It's the nth time I've registered a car at the Land Transportation Office and still each time was far from perfect. So in case anyone needs a beginner's guide to vehicle registration, here are a few things I've learned over the years, one blooper after the other...
- Having the car registered on time is cheaper than having it done later.
- A vehicle's registration deadline depends on the plate number. The last digit corresponds to the month ("1" is January) and the digit just before that determines which week is the deadline for registration. For more of this information, check out the blog entry: http://rochiecuevas.blogspot.com/2011/01/car-registration-2011.html.
- The Third Party Liability (TPL) policy is required for registration. In case a policy is already reactivated, make sure that there's an extra envelope whose contents include the policy and a copy of a note from the Philippine Insurers and Reinsurers Association (PIRA).
- Car emissions must be assessed for their effects to air pollution. Results of the car emission test are attached to the registration document. I find it weird that after the emission test, the tester has his photo taken beside the car's muffler wearing a gas mask. Any person in his right mind will not crouch down by a running car's muffler... for any reason.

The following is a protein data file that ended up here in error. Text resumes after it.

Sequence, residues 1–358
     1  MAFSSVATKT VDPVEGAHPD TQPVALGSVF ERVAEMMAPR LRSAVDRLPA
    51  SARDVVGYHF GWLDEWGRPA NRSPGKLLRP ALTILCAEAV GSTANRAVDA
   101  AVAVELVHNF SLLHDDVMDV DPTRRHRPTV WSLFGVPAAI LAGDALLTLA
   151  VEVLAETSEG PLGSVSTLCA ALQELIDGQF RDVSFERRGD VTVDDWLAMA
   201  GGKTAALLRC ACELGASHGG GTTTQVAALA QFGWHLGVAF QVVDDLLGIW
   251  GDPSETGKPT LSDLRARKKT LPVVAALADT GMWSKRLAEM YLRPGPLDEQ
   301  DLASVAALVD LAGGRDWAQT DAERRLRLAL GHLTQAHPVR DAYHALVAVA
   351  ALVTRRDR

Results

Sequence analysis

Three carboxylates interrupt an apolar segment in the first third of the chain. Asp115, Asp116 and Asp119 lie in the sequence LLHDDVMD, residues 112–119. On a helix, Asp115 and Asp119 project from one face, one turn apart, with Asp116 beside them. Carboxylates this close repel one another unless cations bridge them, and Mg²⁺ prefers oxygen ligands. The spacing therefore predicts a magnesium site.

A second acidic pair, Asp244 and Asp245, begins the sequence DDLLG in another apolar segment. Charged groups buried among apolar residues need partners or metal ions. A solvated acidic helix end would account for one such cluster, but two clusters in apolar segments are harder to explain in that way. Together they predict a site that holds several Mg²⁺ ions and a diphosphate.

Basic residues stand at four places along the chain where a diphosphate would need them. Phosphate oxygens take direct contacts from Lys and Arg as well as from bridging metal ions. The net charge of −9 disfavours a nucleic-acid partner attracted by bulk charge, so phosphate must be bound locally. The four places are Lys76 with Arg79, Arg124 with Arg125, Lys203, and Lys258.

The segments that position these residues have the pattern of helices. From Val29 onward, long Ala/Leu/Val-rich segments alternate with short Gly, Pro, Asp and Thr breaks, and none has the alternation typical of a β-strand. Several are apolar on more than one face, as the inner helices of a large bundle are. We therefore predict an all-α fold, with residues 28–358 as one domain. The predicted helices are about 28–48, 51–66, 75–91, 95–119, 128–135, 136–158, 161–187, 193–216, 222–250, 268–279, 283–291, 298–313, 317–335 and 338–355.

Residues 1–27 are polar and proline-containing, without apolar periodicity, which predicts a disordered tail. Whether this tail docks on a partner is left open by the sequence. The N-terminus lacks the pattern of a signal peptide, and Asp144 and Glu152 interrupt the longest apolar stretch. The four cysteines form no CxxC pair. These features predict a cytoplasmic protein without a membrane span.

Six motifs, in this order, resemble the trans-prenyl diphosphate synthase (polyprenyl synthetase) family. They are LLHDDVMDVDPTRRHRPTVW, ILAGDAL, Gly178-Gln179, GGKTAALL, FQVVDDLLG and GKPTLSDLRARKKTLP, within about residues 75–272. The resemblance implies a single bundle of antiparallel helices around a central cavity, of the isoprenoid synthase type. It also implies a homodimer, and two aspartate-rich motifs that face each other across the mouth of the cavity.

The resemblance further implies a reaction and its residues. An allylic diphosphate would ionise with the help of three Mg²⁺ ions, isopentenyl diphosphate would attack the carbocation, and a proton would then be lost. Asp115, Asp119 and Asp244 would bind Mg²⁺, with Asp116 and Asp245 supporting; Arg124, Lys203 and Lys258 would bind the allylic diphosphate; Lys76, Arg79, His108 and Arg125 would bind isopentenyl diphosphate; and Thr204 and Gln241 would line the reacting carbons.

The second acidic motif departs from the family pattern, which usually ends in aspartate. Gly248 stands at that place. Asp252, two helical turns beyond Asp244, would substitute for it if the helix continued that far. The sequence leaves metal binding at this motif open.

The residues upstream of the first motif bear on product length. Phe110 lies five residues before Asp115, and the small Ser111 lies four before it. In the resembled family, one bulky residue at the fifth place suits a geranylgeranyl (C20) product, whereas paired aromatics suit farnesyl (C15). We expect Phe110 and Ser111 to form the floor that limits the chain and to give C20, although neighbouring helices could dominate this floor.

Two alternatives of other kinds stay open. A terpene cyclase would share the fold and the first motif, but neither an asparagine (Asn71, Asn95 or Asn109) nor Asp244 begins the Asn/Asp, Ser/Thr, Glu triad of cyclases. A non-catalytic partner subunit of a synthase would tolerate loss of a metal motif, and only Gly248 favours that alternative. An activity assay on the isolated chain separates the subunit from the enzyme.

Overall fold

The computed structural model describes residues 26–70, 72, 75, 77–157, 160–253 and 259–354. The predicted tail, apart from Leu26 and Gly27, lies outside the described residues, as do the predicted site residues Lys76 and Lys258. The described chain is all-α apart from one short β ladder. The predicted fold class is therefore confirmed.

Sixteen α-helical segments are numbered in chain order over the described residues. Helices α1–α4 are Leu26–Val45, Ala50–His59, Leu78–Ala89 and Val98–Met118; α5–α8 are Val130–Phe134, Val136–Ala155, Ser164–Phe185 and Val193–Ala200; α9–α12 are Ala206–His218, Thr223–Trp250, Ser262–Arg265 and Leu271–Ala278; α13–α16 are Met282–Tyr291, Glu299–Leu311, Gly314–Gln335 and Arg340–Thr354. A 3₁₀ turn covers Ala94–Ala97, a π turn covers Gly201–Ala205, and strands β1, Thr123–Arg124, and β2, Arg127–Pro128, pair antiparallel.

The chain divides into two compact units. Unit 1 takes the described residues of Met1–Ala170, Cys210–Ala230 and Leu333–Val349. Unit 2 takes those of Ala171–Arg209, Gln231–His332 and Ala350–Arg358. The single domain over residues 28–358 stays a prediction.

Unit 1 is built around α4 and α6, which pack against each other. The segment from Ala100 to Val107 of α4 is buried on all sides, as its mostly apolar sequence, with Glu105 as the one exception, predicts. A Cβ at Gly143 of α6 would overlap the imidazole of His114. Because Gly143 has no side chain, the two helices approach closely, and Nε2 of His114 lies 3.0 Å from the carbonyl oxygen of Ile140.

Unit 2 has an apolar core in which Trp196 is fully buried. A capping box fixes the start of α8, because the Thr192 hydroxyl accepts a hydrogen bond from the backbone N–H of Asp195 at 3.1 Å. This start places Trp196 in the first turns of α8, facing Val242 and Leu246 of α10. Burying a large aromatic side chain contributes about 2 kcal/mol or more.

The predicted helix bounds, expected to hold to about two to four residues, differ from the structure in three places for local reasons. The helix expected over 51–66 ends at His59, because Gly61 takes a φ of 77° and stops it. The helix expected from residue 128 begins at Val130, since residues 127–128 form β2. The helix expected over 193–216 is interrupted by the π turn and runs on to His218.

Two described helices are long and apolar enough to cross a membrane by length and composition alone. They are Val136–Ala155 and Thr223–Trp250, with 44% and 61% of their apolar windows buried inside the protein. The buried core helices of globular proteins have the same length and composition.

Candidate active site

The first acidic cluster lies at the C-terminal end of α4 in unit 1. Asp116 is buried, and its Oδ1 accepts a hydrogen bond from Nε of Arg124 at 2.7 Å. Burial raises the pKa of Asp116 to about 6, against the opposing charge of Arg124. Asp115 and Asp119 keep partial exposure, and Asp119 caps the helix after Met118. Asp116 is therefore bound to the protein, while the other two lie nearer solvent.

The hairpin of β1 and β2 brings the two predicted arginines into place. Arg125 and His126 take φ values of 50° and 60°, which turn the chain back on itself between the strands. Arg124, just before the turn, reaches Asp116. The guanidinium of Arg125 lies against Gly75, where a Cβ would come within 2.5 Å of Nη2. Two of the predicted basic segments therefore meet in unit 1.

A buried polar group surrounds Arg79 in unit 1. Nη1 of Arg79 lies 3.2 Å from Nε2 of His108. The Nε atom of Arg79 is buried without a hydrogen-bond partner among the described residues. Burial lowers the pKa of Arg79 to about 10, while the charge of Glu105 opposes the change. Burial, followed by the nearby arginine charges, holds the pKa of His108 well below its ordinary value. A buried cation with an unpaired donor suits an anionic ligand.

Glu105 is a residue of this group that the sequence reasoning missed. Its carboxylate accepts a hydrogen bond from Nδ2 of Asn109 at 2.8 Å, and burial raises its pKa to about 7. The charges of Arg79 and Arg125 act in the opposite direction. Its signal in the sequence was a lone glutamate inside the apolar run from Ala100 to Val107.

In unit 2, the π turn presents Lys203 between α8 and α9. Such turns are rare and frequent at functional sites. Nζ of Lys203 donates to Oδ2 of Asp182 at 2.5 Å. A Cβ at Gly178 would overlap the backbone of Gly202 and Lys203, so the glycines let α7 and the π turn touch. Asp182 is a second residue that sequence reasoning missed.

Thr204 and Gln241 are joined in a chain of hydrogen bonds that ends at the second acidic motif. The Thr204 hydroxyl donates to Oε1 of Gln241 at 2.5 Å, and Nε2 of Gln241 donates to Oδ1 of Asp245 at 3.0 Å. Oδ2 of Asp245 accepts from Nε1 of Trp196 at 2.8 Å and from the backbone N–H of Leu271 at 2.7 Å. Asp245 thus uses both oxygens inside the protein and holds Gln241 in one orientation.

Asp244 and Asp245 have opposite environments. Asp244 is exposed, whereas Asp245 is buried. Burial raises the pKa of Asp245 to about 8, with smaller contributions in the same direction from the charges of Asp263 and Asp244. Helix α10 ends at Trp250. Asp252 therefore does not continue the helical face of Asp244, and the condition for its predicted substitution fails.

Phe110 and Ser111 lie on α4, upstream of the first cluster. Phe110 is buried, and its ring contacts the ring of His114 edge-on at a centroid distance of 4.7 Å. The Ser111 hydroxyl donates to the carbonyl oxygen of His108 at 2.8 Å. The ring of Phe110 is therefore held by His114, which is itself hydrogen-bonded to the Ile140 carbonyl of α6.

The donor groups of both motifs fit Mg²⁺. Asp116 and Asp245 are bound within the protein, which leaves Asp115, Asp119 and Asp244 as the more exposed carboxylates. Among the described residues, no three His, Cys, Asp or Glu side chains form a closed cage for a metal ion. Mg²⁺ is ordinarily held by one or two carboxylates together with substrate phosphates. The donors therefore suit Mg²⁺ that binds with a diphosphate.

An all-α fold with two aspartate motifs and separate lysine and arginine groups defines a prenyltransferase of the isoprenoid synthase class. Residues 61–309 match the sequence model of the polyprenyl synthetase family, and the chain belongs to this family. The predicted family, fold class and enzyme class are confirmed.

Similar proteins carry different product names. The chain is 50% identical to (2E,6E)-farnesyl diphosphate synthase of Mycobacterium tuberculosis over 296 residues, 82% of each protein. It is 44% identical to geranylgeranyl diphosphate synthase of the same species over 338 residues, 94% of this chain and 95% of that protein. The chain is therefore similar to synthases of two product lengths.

- Outside the Calamba Extension Office of the LTO, have the vehicle's under-the-hood numbers stenciled only by the "authorised" staff; otherwise, you'll be paying double.
- Once the MV Evaluator has checked the car's documents (LTO form with the stencil, car insurance, emission test result, copy of the CR and the OR), just stay in the waiting area while the paper goes into the queue. You're name will be called over the PA system.
- If you're lucky, the car stickers for the current year are available and you don't have to go back to the LTO until next year.
My trip to the LTO this time around was definitely less stressful than when I had my driver's license corrected and renewed.